I was sorry to read about the passing today of Syd Fied. That said, I am not a fan of screenplay "gurus," and that includes Mr. Field. I do however know people who were admirers, and I understand -- there is a certain value for people who do write professionally and want refresher courses or fine tuning. But to think you can become a professional anything by reading a book or going to a weekend seminar is a fools errand and waste of money.
(My disagreements also centers in a huge way on creating strict rules for writing -- not as much for the writers, as the problems this caused by having production executives read such things and think that knowing these Rules made them instant experts on scripts.)
However, whatever one thinks of Syd Field professionally, the Hollywood Reporter went ridiculously WAY overboard in their obituary today (in many way proving my point about non-professional screenwriters reading a book and thinking that suddenly makes them experts), writing, "He is credited as the first writer to outline the three-act script paradigm."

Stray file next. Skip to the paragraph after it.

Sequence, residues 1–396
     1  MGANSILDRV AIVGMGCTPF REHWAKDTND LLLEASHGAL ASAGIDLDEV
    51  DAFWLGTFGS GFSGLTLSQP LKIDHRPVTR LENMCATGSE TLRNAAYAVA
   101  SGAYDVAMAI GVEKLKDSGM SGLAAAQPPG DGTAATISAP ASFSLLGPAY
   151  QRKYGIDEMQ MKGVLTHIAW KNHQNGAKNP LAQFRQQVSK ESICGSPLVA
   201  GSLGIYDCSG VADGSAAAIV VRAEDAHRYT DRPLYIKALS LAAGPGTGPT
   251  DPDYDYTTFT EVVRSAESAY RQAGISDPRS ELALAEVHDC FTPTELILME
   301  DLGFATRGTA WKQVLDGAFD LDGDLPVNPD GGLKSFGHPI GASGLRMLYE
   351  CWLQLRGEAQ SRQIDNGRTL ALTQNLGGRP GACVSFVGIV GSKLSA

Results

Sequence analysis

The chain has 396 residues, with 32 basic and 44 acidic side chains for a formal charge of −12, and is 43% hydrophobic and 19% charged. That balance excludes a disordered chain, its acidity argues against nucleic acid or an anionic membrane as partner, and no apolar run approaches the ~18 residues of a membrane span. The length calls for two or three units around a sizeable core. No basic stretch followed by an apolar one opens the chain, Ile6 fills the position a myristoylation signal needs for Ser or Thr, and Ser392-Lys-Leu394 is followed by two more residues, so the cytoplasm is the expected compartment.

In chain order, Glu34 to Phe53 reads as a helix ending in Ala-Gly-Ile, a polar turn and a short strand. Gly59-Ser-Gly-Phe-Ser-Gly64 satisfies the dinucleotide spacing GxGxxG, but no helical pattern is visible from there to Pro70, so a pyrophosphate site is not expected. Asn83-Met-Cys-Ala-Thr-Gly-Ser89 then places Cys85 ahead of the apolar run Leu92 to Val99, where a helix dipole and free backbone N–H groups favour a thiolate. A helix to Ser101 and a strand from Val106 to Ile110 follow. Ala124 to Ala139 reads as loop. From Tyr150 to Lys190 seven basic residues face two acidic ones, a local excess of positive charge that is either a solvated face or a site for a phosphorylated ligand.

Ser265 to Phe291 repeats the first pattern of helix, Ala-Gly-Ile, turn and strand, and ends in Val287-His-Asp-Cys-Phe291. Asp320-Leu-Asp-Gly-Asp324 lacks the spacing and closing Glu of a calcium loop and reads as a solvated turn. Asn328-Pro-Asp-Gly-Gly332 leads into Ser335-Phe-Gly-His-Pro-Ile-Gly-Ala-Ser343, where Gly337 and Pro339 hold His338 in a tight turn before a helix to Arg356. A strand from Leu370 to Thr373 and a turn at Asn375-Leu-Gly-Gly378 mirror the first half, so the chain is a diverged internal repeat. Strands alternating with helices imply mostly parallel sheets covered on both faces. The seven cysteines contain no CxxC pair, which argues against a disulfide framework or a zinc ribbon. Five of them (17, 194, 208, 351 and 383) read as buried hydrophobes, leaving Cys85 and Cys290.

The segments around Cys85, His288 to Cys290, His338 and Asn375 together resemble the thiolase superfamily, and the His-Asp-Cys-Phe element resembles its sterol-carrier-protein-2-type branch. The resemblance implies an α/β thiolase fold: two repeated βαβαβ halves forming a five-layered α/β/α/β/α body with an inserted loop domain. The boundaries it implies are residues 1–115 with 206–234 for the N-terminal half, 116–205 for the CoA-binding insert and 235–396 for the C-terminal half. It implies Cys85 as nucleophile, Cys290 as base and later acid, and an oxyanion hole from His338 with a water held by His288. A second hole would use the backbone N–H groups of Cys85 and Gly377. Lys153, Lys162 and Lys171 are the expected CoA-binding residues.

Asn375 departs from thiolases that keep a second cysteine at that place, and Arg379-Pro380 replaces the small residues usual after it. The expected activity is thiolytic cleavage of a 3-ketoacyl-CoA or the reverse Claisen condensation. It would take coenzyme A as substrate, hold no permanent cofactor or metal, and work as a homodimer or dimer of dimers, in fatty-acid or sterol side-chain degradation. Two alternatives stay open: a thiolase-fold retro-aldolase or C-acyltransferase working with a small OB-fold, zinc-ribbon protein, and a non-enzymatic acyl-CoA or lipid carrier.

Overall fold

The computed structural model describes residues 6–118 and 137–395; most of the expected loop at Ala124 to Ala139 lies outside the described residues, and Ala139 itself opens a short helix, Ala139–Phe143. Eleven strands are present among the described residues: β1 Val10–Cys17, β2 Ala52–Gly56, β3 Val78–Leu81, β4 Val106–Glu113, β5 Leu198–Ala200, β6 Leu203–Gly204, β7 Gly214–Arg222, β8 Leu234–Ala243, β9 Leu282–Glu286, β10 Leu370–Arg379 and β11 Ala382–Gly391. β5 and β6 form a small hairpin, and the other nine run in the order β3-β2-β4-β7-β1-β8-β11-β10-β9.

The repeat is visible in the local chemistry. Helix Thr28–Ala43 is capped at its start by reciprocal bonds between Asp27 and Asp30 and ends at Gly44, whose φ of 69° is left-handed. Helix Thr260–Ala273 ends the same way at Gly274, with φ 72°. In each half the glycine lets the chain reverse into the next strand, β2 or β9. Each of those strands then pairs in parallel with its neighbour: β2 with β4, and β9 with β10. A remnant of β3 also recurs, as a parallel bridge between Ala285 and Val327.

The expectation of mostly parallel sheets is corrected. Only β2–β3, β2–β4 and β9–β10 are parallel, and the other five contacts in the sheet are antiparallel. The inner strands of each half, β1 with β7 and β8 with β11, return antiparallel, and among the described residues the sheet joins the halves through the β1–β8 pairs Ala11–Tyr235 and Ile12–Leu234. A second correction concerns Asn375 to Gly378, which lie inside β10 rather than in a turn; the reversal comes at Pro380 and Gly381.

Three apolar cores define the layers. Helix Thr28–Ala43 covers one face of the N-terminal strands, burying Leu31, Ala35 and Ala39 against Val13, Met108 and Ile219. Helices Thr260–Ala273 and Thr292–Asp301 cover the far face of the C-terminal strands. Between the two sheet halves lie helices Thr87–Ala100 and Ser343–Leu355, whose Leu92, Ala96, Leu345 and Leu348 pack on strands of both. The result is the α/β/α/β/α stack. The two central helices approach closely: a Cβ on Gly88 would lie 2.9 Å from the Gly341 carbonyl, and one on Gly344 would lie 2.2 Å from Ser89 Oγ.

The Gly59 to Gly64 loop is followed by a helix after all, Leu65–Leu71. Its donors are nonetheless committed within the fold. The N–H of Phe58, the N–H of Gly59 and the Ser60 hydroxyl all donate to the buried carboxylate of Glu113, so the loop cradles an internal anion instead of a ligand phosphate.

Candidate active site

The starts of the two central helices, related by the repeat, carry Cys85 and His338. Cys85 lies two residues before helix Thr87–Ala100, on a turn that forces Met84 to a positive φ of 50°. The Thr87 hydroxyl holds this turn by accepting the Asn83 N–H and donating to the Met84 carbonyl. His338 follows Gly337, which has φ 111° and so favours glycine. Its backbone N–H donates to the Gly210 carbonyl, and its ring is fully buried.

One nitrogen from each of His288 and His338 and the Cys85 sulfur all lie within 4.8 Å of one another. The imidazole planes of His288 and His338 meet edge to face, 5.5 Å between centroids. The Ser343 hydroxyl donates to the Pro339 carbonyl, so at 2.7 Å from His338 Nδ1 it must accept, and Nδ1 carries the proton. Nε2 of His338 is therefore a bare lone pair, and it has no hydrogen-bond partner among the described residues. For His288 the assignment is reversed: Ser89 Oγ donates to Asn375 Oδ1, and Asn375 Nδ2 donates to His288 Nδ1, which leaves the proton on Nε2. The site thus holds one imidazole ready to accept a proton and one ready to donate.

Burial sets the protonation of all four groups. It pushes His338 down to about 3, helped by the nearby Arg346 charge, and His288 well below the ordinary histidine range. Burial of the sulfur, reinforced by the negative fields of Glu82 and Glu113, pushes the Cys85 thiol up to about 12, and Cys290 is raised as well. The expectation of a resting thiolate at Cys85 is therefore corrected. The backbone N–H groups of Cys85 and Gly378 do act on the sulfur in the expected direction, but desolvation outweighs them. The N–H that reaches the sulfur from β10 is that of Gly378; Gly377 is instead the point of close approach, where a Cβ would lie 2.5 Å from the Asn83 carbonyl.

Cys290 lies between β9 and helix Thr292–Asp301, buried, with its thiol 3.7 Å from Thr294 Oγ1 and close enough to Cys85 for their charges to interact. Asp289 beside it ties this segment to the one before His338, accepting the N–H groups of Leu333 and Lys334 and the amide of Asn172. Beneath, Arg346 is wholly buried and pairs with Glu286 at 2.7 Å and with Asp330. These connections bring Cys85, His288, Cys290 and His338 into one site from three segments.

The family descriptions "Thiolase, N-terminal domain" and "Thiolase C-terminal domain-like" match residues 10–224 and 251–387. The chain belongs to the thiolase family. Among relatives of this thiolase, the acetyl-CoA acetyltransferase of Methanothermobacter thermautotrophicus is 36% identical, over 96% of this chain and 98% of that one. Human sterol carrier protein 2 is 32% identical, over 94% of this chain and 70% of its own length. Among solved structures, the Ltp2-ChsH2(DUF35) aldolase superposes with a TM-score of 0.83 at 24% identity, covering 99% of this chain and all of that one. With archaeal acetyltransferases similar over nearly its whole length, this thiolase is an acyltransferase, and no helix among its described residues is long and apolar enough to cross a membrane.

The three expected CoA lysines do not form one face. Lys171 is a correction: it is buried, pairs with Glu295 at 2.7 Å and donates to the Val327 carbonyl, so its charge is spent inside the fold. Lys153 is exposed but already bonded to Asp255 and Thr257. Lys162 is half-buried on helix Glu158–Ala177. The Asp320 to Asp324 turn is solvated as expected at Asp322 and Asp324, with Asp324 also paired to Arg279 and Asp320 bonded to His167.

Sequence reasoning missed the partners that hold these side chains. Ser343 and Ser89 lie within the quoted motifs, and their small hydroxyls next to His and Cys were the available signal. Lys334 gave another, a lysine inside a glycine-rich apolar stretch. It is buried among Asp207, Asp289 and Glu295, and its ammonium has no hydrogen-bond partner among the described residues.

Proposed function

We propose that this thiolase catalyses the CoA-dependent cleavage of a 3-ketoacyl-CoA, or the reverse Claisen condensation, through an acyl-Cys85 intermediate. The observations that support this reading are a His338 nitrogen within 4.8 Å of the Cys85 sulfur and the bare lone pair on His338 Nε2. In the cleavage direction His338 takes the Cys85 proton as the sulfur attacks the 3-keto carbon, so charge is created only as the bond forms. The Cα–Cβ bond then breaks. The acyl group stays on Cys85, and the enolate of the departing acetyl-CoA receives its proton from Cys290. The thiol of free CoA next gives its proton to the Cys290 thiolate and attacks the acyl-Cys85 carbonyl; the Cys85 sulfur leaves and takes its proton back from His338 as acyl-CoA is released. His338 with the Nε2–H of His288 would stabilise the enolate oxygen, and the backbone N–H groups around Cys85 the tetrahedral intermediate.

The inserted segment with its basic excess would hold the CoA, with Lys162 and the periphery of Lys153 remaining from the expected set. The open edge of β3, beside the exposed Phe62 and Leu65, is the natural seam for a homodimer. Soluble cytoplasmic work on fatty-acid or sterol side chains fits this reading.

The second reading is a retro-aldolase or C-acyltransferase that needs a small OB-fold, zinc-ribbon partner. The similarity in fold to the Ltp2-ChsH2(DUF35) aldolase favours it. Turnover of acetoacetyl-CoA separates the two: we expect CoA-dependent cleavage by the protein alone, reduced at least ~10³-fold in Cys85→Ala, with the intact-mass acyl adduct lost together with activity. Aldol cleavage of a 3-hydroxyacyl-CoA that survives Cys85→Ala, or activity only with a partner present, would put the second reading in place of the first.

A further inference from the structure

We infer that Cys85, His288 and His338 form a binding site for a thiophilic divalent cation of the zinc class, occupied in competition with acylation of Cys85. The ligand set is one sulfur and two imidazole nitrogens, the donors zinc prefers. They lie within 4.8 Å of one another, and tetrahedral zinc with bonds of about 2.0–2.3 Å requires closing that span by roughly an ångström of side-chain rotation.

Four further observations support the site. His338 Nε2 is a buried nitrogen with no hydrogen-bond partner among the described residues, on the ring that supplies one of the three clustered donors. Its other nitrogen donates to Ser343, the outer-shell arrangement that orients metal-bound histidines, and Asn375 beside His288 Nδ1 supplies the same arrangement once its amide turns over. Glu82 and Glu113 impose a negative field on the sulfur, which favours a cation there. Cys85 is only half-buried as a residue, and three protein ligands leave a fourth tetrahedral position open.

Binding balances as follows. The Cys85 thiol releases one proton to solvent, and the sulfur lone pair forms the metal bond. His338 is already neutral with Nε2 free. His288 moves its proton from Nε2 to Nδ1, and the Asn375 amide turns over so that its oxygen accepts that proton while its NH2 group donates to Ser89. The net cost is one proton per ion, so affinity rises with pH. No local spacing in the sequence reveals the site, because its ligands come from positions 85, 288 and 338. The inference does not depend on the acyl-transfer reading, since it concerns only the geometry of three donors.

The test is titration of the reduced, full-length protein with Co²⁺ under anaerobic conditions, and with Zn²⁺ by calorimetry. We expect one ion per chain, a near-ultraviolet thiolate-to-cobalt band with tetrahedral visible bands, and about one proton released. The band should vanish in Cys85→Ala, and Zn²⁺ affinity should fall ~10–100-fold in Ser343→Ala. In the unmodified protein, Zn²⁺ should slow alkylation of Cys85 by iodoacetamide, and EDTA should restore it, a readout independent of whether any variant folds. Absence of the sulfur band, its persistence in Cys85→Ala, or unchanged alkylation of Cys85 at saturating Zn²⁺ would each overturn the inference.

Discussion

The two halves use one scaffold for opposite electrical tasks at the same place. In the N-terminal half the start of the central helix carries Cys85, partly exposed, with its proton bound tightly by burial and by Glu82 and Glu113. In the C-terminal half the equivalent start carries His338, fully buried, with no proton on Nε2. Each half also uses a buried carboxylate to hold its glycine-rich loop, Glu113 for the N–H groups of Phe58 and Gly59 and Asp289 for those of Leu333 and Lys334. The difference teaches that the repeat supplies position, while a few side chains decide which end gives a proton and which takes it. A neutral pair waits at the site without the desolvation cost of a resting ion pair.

Yeah, right, he was the first. The very, Very Firstest -- right before Aristotle wrote about it 2,300 years earlier.
Because before Syd Field, no one in the history of the world had ever thought of the concept of a beginning, middle and end.
And using big words like "paradigm" does not make you any smarter.
Side note: this is a piece I posted here earlier about those wanting to be screenwriters, including the value of script gurus.
Robert J. Elisberg is a political commentator, screenwriter, novelist, tech writer and also some other things that I just tend to keep forgetting.
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